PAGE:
Cinnamon Rolls (adapted from The Pioneer Woman Cooks)
1/4 cup vegetable oil
1/4 cup Sugar
1 1/8 tsp active dry yeast
2 cups plus 1/4 cup (separate) flour, plus extra for rolling
1/3 tsp baking powder
1/4 tsp baking soda
1 tsp Salt
50g melted butter
1/2 cup sugar
3 Tbsp cinnamon
1 cup icing sugar
1 Tbsp maple syrup
2 Tbsp cup milk
40g melted butter
2 Tbsp brewed coffee
⅛ tsp salt
Mix milk, vegetable oil and sugar in a saucepan. Heat until just on the edge of boiling, then remove from heat and leave to cool for about 1 hour. When the mixture is lukewarm to touch, sprinkle the yeast in and leave for one minute.
Add the 2 cups of flour and mix to combine. Cover and let rise in a warm place for an hour.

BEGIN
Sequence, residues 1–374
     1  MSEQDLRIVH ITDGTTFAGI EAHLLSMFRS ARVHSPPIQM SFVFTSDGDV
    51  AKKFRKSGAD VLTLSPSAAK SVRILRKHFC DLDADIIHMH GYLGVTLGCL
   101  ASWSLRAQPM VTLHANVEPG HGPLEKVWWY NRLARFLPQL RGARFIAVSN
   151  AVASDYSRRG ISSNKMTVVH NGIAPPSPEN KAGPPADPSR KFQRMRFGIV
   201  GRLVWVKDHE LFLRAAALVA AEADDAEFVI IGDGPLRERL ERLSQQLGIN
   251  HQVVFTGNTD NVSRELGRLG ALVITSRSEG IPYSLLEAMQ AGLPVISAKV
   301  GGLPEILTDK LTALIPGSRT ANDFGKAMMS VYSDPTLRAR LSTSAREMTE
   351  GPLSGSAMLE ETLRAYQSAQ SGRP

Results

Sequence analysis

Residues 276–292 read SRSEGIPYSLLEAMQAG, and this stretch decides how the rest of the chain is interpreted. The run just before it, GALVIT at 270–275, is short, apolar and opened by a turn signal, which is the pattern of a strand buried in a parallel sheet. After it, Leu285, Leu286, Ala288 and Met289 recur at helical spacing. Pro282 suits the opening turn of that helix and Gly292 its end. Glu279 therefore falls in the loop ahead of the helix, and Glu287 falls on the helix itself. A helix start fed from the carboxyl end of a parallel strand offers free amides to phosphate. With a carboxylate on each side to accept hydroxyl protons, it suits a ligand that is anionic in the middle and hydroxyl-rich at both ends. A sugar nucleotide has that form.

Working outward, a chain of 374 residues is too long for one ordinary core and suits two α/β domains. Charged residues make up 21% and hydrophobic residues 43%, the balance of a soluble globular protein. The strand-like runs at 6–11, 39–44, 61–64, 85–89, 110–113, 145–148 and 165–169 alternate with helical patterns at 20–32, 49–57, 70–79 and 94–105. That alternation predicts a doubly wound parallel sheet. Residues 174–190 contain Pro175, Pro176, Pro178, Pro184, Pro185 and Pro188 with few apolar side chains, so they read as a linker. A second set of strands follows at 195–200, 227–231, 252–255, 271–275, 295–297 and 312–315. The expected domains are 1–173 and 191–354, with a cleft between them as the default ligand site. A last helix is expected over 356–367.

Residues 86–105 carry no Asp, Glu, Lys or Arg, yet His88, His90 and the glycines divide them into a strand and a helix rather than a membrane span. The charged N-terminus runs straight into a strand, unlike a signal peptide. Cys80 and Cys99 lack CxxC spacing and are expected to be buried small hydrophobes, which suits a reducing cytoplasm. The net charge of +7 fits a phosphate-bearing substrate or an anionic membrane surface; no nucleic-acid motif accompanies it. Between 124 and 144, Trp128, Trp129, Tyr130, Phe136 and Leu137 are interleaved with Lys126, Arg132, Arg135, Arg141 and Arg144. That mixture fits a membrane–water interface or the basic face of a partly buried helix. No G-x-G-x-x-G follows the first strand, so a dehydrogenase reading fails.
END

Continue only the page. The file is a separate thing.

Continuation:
When risen, add remaining flour, baking powder, baking soda and salt. Stir mixture together. Sprinkle rolling surface with flour. Form a rough rectangle with the dough. Roll the dough to a rectangle about half a cm thick.
Spread the dough with the melted butter, then sprinkle with the sugar and the cinnamon. Roll the dough towards you, keeping the roll as tight as possible. Pinch the seam of the roll to seal it.
Grease a brownie pan or a cake tin, and cut rolls about 2.5cm thick from the dough. Lay them in the pan so the cut edge faces up. Leave to rise for 20-30 minutes. Bake at 160 C for about 15 minutes, until light golden brown.
For the icing, mix together all ingredients listed and stir well until smooth. It should be thick but pourable. Taste and adjust as needed. Generously drizzle over the warm rolls. Makes about 10 rolls.